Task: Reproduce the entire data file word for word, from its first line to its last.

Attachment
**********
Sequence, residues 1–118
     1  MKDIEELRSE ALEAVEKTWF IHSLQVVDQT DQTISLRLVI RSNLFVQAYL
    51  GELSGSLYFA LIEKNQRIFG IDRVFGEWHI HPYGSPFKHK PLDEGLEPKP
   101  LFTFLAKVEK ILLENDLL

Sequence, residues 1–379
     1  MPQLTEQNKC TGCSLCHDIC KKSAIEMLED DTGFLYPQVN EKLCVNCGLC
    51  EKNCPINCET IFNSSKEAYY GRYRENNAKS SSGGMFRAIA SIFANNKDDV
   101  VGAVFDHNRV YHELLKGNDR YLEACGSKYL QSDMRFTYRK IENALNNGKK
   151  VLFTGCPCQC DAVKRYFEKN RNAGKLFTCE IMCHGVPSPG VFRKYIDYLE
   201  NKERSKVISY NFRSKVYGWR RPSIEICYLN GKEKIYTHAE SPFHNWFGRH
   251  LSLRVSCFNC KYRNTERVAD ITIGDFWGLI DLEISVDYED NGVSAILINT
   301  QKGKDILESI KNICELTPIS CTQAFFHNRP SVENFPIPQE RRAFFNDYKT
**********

Sequence, residues 1–118
     1  MKDIEELRSE ALEAVEKTWF IHSLQVVDQT DQTISLRLVI RSNLFVQAYL
    51  GELSGSLYFA LIEKNQRIFG IDRVFGEWHI HPYGSPFKHK PLDEGLEPKP
   101  LFTFLAKVEK ILLENDLL

Sequence, residues 1–379
     1  MPQLTEQNKC TGCSLCHDIC KKSAIEMLED DTGFLYPQVN EKLCVNCGLC
    51  EKNCPINCET IFNSSKEAYY GRYRENNAKS SSGGMFRAIA SIFANNKDDV
   101  VGAVFDHNRV YHELLKGNDR YLEACGSKYL QSDMRFTYRK IENALNNGKK
   151  VLFTGCPCQC DAVKRYFEKN RNAGKLFTCE IMCHGVPSPG VFRKYIDYLE
   201  NKERSKVISY NFRSKVYGWR RPSIEICYLN GKEKIYTHAE SPFHNWFGRH
   251  LSLRVSCFNC KYRNTERVAD ITIGDFWGLI DLEISVDYED NGVSAILINT
   301  QKGKDILESI KNICELTPIS CTQAFFHNRP SVENFPIPQE RRAFFNDYKT